In the face of President Trump’s promised raids against undocumented immigrants by Immigration and Customs Enforcement (ICE), activists and elected officials banded together in Queens on Sunday to call for the abolition of the agency.
A diverse crowd of hundreds of marchers also handed out know-your-rights flyers to local residents as they marched up Roosevelt Avenue from Jackson Heights to Corona.
Despite the fear and uncertainty unleashed by Trump’s threats, the march celebrated the diverse and vibrant Queens community and vowed to protect it. Cars honked their support, street vendors and passersby raised their fists and whistled. As the 7 train rumbled overhead, it was clear this community was unwilling to hand over its undocumented neighbors.
“Se ama y se defiende,” they cried, it is loved and it is defended.
While organizers and elected officials called for the abolition of ICE, ideas differed as to what an ideal immigration system could look like.
“The abolition of ICE means just that — tearing it apart, replacing it with something much more humane like we had before, the Immigration and Naturalization Service,” said Ingrid Gomez, one of the march’s organizers. “We need to have a more humane immigration system and not one in which we turn away people who are escaping violence and poverty and cage them.”
But some organizers went even farther, calling for the abolition of borders themselves.
“It’s insane to say that people don’t have the right to escape the violence that we created [in their countries],” said Jonathan Bailey of the Queens branch of the Democratic Socialists of America told The Indypendent. “We want freedom of movement for people. It’s absolutely immoral for us to insist otherwise.”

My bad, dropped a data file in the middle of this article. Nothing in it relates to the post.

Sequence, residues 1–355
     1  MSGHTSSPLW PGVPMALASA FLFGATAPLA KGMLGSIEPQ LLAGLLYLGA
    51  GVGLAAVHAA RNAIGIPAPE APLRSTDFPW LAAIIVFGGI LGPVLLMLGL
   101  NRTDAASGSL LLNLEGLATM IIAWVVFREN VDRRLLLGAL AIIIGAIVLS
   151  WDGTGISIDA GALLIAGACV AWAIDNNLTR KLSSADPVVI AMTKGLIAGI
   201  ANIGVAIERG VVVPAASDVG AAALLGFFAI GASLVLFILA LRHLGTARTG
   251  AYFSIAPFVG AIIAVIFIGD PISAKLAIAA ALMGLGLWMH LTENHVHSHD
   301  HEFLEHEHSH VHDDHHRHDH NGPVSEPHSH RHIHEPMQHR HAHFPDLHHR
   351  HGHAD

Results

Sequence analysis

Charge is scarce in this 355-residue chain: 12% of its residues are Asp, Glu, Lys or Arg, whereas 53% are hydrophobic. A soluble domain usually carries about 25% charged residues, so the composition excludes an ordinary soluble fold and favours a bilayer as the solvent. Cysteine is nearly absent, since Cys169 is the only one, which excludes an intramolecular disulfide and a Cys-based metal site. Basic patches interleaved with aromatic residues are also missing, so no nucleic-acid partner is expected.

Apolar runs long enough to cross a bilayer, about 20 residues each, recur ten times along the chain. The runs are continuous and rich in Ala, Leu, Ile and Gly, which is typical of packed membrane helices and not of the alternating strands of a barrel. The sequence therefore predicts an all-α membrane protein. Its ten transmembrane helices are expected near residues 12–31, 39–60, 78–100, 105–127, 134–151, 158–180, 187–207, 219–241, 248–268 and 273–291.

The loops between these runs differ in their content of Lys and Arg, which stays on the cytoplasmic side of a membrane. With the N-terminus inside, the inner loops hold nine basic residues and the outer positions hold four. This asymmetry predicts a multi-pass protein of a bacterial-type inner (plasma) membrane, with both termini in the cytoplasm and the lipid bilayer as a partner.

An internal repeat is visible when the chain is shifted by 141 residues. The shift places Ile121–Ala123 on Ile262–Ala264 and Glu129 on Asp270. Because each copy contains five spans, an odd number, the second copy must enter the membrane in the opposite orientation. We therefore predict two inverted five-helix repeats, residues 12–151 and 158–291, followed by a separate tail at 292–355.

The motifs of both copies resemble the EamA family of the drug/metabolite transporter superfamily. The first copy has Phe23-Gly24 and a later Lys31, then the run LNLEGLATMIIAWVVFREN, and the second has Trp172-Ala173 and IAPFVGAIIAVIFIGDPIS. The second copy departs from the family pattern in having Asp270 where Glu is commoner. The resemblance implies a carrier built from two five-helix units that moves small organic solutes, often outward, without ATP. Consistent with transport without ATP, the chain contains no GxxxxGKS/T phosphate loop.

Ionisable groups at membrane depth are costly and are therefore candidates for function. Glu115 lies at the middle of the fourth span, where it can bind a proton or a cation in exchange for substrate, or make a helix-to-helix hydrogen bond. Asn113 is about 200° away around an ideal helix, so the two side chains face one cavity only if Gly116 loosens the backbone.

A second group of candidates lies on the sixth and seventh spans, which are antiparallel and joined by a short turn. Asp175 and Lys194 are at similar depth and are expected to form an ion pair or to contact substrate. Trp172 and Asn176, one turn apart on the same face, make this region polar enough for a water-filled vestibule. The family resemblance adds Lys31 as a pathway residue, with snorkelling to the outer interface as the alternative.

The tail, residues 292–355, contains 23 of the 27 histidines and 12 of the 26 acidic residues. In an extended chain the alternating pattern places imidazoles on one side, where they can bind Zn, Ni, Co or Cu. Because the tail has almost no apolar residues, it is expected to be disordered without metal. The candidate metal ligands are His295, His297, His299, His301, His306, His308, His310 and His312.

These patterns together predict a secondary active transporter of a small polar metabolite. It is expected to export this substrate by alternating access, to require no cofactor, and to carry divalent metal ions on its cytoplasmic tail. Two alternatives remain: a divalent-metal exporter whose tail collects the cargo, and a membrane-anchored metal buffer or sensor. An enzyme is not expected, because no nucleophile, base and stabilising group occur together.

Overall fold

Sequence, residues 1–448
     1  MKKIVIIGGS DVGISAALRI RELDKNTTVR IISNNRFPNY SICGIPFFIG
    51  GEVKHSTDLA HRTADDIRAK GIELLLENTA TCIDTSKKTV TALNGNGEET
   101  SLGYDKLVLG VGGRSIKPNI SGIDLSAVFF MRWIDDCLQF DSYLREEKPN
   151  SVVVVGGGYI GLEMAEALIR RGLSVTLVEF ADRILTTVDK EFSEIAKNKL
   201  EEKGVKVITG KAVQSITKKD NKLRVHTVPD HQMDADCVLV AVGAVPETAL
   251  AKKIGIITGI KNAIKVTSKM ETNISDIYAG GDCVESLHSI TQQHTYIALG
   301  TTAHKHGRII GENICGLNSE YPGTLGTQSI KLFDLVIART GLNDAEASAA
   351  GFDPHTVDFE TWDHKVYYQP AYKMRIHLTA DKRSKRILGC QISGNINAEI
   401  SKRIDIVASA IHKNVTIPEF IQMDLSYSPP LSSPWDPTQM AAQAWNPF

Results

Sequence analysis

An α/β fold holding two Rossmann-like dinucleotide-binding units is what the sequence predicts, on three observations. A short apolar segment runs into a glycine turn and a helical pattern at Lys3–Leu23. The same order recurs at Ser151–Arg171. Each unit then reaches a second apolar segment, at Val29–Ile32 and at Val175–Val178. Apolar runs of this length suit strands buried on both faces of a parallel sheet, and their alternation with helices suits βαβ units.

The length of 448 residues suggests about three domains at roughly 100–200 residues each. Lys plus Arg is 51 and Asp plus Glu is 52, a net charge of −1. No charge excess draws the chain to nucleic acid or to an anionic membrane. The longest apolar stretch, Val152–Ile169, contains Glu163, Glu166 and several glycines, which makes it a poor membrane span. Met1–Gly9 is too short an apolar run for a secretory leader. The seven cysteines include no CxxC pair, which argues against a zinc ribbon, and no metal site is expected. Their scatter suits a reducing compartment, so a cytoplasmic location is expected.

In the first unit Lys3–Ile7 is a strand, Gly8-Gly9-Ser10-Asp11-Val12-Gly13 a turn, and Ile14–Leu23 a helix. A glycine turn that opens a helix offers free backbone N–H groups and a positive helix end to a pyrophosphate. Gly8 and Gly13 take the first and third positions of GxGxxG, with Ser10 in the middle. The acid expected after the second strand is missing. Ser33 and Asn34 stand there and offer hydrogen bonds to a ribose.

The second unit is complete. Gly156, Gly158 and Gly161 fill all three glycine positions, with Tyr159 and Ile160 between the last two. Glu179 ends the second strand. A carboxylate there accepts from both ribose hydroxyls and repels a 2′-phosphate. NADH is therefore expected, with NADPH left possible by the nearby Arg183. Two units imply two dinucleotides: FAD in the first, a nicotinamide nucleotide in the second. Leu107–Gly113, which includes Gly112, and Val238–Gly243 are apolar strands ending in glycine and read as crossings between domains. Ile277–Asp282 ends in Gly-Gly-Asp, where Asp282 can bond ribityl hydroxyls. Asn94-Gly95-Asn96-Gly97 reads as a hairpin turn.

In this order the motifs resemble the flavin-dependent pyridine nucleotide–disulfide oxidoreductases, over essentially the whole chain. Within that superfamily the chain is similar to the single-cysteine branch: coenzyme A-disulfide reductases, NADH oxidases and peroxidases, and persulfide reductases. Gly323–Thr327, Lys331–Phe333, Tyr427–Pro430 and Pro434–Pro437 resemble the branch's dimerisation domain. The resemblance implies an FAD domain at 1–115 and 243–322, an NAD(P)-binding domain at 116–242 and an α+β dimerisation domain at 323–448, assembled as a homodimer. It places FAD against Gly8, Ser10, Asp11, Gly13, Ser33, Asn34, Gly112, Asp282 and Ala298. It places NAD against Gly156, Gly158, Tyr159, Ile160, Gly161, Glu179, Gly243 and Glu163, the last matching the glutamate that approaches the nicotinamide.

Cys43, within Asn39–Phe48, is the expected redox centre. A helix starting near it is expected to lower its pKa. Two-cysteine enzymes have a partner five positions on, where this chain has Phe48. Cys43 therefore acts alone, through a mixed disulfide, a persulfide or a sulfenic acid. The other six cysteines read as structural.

Sunday’s march also focused on the importance of keeping ICE out of New York courthouses, where its officers have been known to prowl the halls for undocumented immigrants who have business with the courts. Tiffany Cabán, currently locked in an ongoing recount battle in the Democratic primary for Queens District Attorney, cited the “incredible chilling effect” ICE’s presence has had on communities.
“When people are survivors or victims of a crime, they can’t go get help. When people are trying to get to their court dates, they are afraid to do so because of the risk of ICE,” Cabán said.
Legislative methods of protection are developing in Albany. State Sen. Jessica Ramos, whose district includes many of the most vulnerable immigrant communities, cited the important steps state government has already taken: passing the DREAM Act, which allows undocumented students to receive college aid and scholarships, and the Green Light Bill, which extended the ability to obtain a driver’s license to all New Yorkers, regardless of immigration status. Still, according to Ramos, more work remains.
“We also need to keep ICE out of our courts, that’s the biggest problem we have right now,” she told The Indy, noting Protect Our Courts Act that would limit cooperation between courtrooms and ICE, will come before the senate when it goes into session in January.
After marching for a mile, the crowd gathered at Corona Plaza for a know-your-rights training. The mood was tense, as people of mixed immigration status huddled together in a semicircle. According to Ramos, this is the nature of true resistance.
“Before we talk about resistance, I think it’s important to talk about how we are telling undocumented immigrants to take care of themselves,” Ramos said. “Resistance-building means protecting our neighbors because we want to keep the fabric of our communities alive.”